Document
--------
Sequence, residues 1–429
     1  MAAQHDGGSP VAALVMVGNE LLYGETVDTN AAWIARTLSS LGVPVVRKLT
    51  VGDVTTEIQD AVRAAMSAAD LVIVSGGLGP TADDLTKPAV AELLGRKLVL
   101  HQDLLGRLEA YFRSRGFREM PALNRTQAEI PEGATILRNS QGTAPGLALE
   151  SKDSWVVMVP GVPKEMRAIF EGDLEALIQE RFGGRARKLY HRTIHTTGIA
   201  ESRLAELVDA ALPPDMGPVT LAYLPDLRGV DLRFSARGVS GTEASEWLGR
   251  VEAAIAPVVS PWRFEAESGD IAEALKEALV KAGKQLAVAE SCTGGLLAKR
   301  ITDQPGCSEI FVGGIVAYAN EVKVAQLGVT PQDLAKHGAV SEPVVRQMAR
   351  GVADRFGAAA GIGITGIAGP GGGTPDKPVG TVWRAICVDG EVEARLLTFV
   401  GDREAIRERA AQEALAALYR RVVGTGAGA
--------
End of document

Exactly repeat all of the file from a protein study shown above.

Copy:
Sequence, residues 1–429
     1  MAAQHDGGSP VAALVMVGNE LLYGETVDTN AAWIARTLSS LGVPVVRKLT
    51  VGDVTTEIQD AVRAAMSAAD LVIVSGGLGP TADDLTKPAV AELLGRKLVL
   101  HQDLLGRLEA YFRSRGFREM PALNRTQAEI PEGATILRNS QGTAPGLALE
   151  SKDSWVVMVP GVPKEMRAIF EGDLEALIQE RFGGRARKLY HRTIHTTGIA
   201  ESRLAELVDA ALPPDMGPVT LAYLPDLRGV DLRFSARGVS GTEASEWLGR
   251  VEAAIAPVVS PWRFEAESGD IAEALKEALV KAGKQLAVAE SCTGGLLAKR
   301  ITDQPGCSEI FVGGIVAYAN EVKVAQLGVT PQDLAKHGAV SEPVVRQMAR
   351  GVADRFGAAA GIGITGIAGP GGGTPDKPVG TVWRAICVDG EVEARLLTFV
   401  GDREAIRERA AQEALAALYR RVVGTGAGA